Family finances: Take action now, or you could lose out

A review of your family's finances may be needed. David Prosser offers a checklist

Not all Budget measures take effect automatically. While you can't escape much of what Gordon Brown announced on Wednesday, there were all sorts of measures that will only affect those who take advantage of them - or who don't take evasive action.

TAX CREDITS

Brown claimed that four in five households would be better off as a result of the tax and National Insurance measures he has proposed for the next three years. But that assumes that families claim the tax credits the Chancellor is offering - and many currently don't.

In particular, four in 10 people entitled to the Working Tax Credit have not claimed the money. Broadly speaking, if you earn less than £15,000 a year you are very likely to be able to claim. If you earn more, check your entitlement (information from www.hmrc.gov.uk/individuals).

The take-up for Child Tax Credit is much better, at about 90 per cent. It is available to nine out of 10 families. Parents with household incomes of up to £58,000 a year are eligible to claim (£66,000 for families with a child under the age of one).

LIFE INSURANCE

The Budget small-print confirmed a measure mooted in the Chancellor's Pre-Budget Statement in December. Currently, savers who buy life insurance within a pension - even if they make no other pension contributions - are entitled to tax relief on the premiums at their highest rate of tax. This benefit has now been abolished.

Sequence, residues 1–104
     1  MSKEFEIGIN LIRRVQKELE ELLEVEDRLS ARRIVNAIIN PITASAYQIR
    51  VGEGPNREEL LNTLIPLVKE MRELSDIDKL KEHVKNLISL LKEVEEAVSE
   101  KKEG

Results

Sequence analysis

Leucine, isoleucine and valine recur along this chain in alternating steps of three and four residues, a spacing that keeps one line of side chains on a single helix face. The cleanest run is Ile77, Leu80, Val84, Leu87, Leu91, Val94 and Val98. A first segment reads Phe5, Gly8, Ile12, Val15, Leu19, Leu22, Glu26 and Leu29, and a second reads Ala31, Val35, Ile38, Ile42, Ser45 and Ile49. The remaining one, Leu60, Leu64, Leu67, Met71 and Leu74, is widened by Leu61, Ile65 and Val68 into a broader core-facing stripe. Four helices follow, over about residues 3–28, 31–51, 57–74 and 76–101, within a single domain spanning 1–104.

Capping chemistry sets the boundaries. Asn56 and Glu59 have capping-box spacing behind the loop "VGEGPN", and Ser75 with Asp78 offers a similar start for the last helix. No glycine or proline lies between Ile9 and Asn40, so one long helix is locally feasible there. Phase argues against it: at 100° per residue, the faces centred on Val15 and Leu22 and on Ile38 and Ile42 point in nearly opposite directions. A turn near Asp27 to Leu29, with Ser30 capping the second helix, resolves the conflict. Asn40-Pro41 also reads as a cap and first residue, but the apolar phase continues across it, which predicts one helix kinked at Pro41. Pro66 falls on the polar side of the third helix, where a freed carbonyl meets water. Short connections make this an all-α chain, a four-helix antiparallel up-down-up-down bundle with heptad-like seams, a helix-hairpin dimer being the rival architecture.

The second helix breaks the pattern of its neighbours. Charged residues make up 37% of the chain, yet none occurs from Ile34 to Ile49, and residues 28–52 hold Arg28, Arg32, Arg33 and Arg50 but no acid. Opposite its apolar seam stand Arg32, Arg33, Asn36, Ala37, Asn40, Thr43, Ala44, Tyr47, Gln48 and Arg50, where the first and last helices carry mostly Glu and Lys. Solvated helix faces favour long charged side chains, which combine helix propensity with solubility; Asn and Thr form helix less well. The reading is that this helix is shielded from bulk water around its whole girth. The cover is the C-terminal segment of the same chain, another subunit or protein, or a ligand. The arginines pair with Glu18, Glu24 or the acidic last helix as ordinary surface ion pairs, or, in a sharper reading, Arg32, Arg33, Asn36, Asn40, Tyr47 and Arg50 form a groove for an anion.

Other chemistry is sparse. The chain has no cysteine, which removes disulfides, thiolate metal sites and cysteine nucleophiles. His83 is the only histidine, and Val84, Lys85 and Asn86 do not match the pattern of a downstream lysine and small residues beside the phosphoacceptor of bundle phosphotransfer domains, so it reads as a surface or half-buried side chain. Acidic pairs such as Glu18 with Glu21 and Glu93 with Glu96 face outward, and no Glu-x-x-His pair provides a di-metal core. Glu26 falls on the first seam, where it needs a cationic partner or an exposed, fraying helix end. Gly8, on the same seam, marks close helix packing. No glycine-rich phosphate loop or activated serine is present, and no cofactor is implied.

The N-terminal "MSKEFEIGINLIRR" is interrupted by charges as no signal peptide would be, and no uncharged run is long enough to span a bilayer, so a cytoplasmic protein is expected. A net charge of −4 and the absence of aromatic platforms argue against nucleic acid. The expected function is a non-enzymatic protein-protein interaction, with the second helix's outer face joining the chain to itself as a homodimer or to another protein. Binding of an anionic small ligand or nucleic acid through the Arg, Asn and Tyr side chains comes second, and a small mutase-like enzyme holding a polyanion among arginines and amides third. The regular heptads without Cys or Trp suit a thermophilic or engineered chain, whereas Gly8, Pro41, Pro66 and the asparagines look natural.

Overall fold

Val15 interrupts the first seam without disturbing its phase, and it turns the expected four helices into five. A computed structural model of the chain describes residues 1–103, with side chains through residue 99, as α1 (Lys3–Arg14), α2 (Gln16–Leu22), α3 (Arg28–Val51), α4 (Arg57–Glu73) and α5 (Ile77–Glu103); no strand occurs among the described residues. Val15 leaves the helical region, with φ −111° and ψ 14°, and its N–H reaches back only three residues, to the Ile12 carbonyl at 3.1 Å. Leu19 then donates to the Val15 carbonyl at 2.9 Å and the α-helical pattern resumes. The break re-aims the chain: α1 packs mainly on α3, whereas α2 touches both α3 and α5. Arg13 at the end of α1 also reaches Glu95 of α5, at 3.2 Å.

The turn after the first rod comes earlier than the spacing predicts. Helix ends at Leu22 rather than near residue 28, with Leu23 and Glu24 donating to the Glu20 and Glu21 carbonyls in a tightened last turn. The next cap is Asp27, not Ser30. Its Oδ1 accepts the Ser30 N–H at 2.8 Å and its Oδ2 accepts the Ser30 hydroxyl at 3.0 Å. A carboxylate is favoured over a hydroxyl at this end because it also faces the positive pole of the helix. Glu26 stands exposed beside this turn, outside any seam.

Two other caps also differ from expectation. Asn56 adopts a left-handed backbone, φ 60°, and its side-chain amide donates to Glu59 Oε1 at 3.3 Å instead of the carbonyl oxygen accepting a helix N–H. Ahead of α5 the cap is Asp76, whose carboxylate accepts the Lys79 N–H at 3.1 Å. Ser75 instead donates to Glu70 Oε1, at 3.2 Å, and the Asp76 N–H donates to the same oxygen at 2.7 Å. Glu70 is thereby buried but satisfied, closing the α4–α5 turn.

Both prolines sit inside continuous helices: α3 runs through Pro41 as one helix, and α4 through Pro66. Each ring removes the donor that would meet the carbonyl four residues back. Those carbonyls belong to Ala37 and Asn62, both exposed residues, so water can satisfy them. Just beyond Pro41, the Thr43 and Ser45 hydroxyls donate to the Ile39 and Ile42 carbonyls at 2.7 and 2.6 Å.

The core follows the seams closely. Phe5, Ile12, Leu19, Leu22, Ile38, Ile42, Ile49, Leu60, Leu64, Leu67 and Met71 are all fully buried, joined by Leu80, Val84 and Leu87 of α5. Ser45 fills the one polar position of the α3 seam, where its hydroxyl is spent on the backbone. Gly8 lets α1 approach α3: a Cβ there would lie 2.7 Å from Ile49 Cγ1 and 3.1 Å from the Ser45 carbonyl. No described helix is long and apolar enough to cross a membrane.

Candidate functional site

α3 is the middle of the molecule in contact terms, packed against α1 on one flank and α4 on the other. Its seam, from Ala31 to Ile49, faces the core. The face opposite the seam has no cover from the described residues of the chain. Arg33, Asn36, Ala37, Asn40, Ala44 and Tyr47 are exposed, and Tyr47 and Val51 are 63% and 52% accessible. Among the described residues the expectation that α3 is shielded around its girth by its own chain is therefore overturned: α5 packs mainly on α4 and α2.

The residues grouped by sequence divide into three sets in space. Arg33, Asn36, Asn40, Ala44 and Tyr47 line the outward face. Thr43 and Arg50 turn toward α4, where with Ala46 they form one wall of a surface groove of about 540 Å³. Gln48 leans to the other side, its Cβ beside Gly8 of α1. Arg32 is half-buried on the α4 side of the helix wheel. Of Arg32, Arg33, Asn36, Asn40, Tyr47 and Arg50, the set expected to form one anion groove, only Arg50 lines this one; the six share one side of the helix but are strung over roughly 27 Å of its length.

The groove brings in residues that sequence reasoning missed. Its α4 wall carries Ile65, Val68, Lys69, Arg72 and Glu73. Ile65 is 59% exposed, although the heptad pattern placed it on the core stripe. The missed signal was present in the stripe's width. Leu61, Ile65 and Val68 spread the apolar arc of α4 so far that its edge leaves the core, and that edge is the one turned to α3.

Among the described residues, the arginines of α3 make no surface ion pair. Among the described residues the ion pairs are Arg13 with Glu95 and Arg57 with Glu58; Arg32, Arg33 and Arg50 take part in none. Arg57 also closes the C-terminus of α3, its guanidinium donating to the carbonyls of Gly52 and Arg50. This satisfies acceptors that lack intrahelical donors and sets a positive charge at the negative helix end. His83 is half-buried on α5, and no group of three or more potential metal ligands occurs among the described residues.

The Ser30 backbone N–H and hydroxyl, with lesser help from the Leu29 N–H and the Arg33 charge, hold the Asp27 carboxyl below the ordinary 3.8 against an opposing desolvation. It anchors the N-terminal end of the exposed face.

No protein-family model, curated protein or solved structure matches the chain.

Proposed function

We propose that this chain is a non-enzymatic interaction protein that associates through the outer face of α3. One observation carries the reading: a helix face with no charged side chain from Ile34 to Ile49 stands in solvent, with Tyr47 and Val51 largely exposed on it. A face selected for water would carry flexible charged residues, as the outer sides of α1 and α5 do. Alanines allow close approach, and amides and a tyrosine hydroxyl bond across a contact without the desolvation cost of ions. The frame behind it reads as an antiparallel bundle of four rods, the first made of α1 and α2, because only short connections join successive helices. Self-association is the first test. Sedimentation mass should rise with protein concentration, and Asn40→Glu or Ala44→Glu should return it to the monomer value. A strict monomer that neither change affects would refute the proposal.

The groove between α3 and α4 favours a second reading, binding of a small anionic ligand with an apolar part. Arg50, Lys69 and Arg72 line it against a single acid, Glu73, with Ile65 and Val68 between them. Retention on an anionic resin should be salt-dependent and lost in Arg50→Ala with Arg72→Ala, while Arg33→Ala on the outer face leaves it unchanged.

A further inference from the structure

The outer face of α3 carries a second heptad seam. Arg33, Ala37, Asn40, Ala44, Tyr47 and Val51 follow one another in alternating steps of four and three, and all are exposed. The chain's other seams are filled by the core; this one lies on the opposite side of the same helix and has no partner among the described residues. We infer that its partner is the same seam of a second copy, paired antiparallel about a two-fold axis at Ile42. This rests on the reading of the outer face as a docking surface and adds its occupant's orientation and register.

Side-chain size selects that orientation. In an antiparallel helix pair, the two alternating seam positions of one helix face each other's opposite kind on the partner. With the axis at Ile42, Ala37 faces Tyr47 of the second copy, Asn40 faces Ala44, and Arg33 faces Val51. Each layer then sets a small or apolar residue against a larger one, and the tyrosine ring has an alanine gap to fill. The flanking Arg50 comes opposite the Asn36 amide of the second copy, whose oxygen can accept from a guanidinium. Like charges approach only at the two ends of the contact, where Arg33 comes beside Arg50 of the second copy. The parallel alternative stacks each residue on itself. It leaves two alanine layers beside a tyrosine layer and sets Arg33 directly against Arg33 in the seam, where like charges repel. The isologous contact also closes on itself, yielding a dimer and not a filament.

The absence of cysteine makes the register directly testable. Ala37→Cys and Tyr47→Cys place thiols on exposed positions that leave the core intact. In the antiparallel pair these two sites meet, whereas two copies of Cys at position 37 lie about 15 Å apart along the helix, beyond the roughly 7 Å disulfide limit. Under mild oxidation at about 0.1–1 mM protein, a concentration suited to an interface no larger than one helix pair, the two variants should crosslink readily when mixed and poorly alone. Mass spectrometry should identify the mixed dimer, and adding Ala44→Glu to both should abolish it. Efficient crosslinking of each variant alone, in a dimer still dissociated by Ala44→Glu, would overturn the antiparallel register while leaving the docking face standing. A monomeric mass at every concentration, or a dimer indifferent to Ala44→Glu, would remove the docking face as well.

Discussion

If you've already taken out pension term assurance, as the benefit is technically known, take care. You're entitled to continue claiming the tax relief, but accountants Wilkins Kennedy warn that changing the terms of your policy could jeopardise that. Peter Goodman, head of tax, says: "As soon as they decide to vary their policy by increasing payments or lengthening its term, they will lose the tax breaks for all their payments into the policy."

PENSIONS

Savers who pay into a private pension plan other than a guaranteed final salary scheme may need to boost their contributions from next April. The cut in the basic rate of income tax means many people will end up paying less into their retirement savings.